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The easiest and most cost effective way to invest in foreign markets

The Australian equity market represents less than 5% of the global market, so for diversification purposes investing offshores makes a lot of sense.

One of the biggest markets of course is the US market. It is more than 10 times the size of the Australian market-by-market capitalisation, so of course there are going to be a lot more opportunities there.

The US market is a lot more diversified across the different market sectors. The S&P/ASX 200 has close to a 40% allocation to financials, including A-REITs, but for the S&P 500 and the Dow Jones that allocation is less than 20%.

The difference is also stark when it comes to the information technology.

If you want real exposure to IT you have to go overseas. Our market has a less than 1% allocation to IT while the S&P 500’s allocation is nearly 20%. And of course the US warrants its own benchmark for technology companies – the NASDAQ. 

Buying direct 

There are many ways to invest internationally and find some global opportunities. Of course you can buy the shares directly. Some local brokers offer access to a variety of international markets but the brokerage cost is usually more expensive than it is for local shares. There is also the issue of research and understanding the many different international markets. 

Also if investing in the US, investors need to complete a W-8BEN form – a form from the US Department of Inland Revenue, which certifies you’re not a US resident to make sure that extra tax is not deducted from income earned in the US.

ETFs

Local investors also have access to international exchange traded funds on the local market. These are basically a basket of shares as represented by a particular index but an investor can buy into them for fraction of what it would cost to buy all the shares they represent. An investment in the SPDR S&P 500 ETF Trust (SPY), for example, is an investment in all the shares represented in that index. 

However the options available in Australia are limited to major market indices and ETFs, by nature, are passive investments. You are investing in the overall performance and because there is little choice you are often unable to make a bet on a particularly sector or sub-sector.

Thematic investing

Another way to invest internationally is to invest by themes. The world is a big place, and so by extending this approach to investing on a global scale, investors have more opportunities to take advantage of the latest trends.

Some investing platforms and operations take a more active approach to investing and do the hard work for the investor. They research and select global stocks that belong to a particular theme. That means it’s possible to invest in a range of stocks in sub-sectors such as cloud computing or Chinese infrastructure, in just one click for a single entry price.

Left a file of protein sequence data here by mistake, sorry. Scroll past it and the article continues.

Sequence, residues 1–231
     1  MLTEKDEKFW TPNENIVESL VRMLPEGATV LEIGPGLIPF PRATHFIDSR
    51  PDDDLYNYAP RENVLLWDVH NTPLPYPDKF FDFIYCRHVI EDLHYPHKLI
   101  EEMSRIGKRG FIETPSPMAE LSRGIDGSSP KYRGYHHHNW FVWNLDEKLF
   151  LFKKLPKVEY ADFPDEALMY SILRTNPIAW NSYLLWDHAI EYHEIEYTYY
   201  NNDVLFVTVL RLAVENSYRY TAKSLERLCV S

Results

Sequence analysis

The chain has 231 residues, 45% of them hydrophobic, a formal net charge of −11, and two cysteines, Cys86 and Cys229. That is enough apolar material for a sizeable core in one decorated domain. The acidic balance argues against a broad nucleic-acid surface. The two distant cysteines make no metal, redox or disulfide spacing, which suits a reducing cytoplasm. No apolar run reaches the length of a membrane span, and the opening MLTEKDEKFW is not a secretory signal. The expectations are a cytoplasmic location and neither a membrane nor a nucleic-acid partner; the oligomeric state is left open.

The investor just has to make the decision on which theme they want to follow.  

Here are some examples of global thematic portfolios;

·      Chinese infrastructure giants

As the country keeps growing, essential infrastructure and utilities services will be required, which means companies in these sectors will benefit.

·      Cyber security United States

With crime moving online, businesses and governments are spending more money to protect their IT infrastructure and companies in the business of providing cyber security are expected to experience fast growth.

·      Solar power United States

Climate change is real and solar power is an environmentally friendly and popular technology that will have huge long-term benefits. US companies are working on some of the most advanced technology in this space.

·      Driverless cars United States

A selection of United States listed technology and auto companies that are working, or involved, in the process of driverless transportation. Many experts believe the proliferation of these vehicles may come as soon as 2020. This will have wide implications for the auto industry, insurance, real estate and many other parts of the economy.

·      Defence United States

A selection of companies, that will benefit from an increase in military spending and defence budgets as tensions grow worldwide. War and conflict have unfortunately been an integral part of human civilisation since the beginning of time, a fact which seems unlikely to change any time soon.

To find our more for this approach to international investing, register for our Thematic Investing webinar on 28th October.

 

 

 

Published on: Tuesday, October 27, 2015

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